By Elliot Adams
Scottish travel firm ‘Rabbie’s Trail Burners’ are looking to recruit around 40 new staff to lead tours and incomprehensibly BBC Scotland has chosen to run an article-shaped recruitment advert for the “world’s best job” in their business news section.
I understand that the line between reporting and promotion can be difficult to maintain in areas like business and travel journalism. But if the BBC is to maintain a high-degree of impartiality and freedom from market influence, there should always be at least some news-value to what is being covered that outweighs the benefit the firm involved gains through the publicity. For instance the beebs coverage of the tourism recovery of historic sites around Scotland, fishermen who have shifted to tourism during the summer months to conserve fish stocks, or even the launch of a new adventure travel guide for Scotland – even though this piece gives significant publicity to the new product being launched, the bulk of the story is about the rising market share held by Scottish adventure tourism in general.
In what way does the following article, “Scottish travel firm recruits for ‘world’s best job’“, have any news-value at all?
A travel firm is looking for “new talent” to act as guides on trips across Scotland and Ireland.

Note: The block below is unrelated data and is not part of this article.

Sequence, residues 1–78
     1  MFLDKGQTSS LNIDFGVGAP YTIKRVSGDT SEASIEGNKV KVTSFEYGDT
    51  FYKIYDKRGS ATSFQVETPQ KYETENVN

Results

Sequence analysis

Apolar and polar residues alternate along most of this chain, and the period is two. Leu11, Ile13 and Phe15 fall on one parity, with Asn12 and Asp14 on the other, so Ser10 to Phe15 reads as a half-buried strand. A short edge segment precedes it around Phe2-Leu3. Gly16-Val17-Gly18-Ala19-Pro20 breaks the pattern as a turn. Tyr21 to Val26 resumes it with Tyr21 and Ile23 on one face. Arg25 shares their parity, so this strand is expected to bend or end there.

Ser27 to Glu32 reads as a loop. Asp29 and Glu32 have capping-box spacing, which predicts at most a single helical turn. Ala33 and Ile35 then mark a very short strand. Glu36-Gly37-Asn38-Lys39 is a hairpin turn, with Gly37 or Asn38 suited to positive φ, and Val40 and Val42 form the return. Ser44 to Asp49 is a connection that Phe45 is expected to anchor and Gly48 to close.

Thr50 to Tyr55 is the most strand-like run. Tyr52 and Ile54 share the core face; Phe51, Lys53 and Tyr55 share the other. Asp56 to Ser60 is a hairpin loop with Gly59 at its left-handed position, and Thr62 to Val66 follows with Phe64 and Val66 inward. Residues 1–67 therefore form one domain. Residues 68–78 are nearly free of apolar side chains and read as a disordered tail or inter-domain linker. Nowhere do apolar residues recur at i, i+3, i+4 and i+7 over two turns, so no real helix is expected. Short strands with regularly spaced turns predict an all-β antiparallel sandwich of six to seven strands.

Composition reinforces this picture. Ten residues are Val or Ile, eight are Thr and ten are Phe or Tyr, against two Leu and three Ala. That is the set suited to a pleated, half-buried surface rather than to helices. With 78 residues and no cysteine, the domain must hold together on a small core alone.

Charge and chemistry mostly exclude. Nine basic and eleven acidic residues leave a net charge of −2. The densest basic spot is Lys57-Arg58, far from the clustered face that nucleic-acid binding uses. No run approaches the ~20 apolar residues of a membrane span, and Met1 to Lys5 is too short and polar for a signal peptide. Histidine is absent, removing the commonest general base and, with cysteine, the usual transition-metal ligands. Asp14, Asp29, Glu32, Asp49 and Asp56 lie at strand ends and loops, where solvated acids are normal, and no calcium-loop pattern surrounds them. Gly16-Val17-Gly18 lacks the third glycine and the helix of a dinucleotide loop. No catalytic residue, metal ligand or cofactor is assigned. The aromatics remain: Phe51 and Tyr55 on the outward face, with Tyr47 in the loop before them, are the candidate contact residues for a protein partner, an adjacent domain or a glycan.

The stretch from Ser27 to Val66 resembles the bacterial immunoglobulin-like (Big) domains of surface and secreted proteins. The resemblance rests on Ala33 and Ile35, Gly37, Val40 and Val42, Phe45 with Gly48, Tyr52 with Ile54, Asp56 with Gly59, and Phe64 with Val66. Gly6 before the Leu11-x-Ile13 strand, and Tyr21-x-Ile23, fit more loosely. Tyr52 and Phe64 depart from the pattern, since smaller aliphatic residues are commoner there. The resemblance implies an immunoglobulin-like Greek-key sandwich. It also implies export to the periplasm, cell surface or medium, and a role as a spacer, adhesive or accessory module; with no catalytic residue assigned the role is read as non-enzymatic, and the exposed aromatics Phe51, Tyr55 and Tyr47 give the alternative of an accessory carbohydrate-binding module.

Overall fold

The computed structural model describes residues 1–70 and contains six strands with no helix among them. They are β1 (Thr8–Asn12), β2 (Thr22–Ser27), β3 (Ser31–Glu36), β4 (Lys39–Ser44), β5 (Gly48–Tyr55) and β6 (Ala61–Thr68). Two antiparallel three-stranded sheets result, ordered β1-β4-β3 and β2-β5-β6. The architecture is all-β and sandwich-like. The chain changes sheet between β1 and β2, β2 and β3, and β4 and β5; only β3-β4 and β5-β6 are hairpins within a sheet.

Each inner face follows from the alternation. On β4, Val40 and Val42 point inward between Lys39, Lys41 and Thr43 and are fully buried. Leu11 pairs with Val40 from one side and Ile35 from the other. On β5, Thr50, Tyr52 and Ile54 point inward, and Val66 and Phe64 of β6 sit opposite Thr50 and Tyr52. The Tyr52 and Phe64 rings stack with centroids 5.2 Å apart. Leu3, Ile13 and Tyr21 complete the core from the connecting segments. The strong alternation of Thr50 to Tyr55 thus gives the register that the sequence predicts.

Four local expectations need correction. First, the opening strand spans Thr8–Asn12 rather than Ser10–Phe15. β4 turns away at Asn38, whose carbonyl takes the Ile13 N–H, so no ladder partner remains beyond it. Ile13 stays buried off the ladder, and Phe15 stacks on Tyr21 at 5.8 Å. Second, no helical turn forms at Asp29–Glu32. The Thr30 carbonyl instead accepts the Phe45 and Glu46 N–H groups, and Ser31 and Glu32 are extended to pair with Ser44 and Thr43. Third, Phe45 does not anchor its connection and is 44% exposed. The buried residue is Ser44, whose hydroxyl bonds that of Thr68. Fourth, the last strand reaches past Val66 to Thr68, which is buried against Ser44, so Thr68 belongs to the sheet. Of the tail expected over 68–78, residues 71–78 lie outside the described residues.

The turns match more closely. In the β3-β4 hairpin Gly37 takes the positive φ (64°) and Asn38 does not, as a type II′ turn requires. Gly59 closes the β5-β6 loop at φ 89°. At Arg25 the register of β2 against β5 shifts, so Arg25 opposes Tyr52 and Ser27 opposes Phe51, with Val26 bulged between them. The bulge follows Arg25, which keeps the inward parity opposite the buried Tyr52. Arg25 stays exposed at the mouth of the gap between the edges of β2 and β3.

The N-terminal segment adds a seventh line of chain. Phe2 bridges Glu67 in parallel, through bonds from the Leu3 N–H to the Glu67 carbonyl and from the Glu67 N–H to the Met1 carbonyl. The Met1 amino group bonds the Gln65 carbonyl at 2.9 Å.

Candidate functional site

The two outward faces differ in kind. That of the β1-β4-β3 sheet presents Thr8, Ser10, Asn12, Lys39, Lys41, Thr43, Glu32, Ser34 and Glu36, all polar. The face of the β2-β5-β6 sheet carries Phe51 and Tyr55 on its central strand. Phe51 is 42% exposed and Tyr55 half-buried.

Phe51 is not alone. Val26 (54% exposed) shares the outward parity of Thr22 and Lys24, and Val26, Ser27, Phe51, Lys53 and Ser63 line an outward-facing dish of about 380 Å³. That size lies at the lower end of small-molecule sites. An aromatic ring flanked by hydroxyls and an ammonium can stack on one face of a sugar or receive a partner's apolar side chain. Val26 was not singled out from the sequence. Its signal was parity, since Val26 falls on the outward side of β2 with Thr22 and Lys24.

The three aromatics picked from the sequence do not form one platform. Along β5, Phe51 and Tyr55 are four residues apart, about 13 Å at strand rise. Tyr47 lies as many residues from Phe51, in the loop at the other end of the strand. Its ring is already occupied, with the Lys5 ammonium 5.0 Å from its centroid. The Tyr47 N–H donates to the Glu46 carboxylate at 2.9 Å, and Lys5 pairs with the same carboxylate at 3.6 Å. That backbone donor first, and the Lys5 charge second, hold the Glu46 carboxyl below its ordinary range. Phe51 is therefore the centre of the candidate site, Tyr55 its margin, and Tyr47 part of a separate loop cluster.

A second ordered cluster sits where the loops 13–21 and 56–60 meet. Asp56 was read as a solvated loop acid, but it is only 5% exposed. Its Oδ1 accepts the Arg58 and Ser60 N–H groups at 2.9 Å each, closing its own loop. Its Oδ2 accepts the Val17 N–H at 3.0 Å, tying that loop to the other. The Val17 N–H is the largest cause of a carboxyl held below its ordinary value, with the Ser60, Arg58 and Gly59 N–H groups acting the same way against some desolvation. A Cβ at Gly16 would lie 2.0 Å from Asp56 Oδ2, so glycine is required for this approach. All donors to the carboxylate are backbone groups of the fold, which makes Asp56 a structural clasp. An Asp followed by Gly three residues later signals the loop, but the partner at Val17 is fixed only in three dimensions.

Described as the “best job in the world”, Rabbie’s Trail Burners said they were looking for up to 40 new “personalities” to lead tours.
Recruits will be given history and driving training but are expected to have a “natural passion for life”.
The company, which offers trips of between one and 16 days, attracted more than 35,000 visitors last year.
Rabbie’s said there were currently 12 positions available as guides, operating from Edinburgh and Glasgow, with plans to hire 40 new recruits in the next three years.
The company’s founder, Robin Worsnop, said his travel guides came from all walks of life and ranged in age from 24 to 62.
He said: “The personalities of our driver-guides are one of the most important and memorable components of the Rabbie’s visitor experience.
“We aim to provide new and authentic experiences that take visitors off the beaten track to discover the real country and its people.”
He added: “Our training will take care of history, local knowledge and the PCV licence, but it is the natural passion, enthusiasm and appetite for life, that’s at the top of our job description.”
Driver-guide, Mac Dalrymple, who has been with Rabbie’s for three years, said: “Personally, I think it is the best job in the world.
“Every day is different. It’s not just the privilege of getting to regularly visit the most breathtaking and remote regions of the UK, but meeting so many people from so many countries, has really opened my eyes.”
Personally I see nothing to distinguish this from something the company’s own marketing department would put out as an advert. So it’s not particular surprising, but still pretty fucking shameful, that the BBC’s article is remarkably similar to the press-releases Rabbie’s Trail Burners have put out to that effect.